Is it about the story more than the food? Definitely not. But there’s something about knowledge that whets an appetite. I took my family to Tofino on Vancouver Island last year, and we met chef Paul Moran of the Tofino Resort and Marina. He’s an inveterate forager who hails from the Okanagan, a fertile land if ever there was one. We dined and chatted at his restaurant one night, and then the next day we ran into him on the street carrying bags of exotic goodies from the woods. “I’ll be back tonight to eat all of that,” I said, without pausing to find out what it was. If you ask nicely, Moran might take you out for a mini-forage. Or, book an ocean expedition at the onsite adventure centre, and return home with a sea creature for the kitchen to cook up. Another amazing Tofino restaurant, Wolf in the Fog, will create a similar ocean-foraging experience.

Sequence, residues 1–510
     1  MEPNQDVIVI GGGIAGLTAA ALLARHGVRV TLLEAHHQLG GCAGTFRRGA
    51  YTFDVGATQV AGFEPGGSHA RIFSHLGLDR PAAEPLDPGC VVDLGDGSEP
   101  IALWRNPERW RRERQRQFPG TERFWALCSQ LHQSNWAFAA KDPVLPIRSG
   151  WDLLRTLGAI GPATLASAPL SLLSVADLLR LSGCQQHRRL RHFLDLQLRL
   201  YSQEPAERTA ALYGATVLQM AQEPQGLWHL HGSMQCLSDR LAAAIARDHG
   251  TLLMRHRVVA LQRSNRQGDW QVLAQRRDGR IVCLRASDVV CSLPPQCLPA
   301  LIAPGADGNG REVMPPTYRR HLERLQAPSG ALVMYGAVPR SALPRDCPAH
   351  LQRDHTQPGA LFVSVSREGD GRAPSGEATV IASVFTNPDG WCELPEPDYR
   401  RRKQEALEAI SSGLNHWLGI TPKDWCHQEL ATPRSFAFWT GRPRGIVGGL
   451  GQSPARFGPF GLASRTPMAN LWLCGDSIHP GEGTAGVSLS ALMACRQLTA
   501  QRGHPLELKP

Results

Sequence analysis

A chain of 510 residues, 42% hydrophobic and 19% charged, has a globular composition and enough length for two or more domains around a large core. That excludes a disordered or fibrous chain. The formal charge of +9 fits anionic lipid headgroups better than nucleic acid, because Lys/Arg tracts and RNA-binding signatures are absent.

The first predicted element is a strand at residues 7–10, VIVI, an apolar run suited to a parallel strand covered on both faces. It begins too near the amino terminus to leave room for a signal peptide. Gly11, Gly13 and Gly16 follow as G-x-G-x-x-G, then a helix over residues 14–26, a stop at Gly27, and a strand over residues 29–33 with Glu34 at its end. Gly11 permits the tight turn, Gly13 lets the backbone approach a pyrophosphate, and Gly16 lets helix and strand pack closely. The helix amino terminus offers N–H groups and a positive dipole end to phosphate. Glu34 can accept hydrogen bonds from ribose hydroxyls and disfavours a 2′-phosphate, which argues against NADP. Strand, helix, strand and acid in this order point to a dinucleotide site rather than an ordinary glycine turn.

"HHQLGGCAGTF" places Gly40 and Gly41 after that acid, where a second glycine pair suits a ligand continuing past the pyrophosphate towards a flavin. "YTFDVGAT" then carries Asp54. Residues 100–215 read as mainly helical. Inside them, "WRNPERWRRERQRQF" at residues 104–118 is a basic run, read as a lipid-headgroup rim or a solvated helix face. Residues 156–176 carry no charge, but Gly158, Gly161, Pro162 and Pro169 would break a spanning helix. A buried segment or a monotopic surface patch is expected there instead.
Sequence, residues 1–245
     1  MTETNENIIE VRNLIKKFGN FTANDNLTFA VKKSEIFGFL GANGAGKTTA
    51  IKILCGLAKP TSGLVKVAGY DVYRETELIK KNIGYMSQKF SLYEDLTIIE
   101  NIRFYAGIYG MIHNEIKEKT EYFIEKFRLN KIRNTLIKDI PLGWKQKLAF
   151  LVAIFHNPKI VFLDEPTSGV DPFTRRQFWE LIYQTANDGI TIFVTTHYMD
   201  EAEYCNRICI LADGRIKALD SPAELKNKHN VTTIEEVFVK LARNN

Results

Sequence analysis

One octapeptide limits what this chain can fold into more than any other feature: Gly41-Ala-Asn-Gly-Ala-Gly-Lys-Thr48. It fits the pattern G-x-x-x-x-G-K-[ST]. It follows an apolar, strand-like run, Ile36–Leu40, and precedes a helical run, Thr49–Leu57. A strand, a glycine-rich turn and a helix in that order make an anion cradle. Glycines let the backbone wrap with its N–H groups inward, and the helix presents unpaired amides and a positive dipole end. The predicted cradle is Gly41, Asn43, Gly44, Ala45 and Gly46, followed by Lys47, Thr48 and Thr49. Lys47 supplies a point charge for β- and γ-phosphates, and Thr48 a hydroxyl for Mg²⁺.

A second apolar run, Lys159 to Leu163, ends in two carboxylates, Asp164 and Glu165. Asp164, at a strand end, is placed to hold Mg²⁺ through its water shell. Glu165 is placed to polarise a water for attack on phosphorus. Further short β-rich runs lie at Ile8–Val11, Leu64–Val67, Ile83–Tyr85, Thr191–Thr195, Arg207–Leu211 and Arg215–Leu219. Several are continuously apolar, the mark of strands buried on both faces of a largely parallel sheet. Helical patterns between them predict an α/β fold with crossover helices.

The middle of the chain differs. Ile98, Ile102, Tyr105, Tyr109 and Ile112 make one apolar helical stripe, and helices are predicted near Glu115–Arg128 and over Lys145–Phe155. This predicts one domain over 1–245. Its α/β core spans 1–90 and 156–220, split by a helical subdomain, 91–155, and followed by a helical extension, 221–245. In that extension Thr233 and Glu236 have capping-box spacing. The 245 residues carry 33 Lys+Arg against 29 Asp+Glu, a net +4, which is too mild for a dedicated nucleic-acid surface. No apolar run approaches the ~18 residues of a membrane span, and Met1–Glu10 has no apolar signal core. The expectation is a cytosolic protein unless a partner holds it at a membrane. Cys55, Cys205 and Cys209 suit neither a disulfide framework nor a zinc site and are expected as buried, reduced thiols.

I suppose you could call foraging a trend. I sat down last fall at one of my favourite Toronto restaurants, DaiLo, where chef Nick Liu cooks a mish-mash of pan-Asian-influenced dishes — his heritage is Hakka Chinese, his mother born in South Africa and his father in India — that to me are truly Canadian. He sent out a dish, a sautée of mushrooms that his partner in the restaurant had brought back by the bagful from an island up north. Chanterelles, hen of the woods, morels … and some things I didn’t recognize. I promised that this fall I will bring him some giant puffballs from my woods in Northumberland County — I foraged my own three-pound puffball beast last year and enjoyed sautéed funghi for a week. Meantime, the local farmers market was selling slices for $7.50.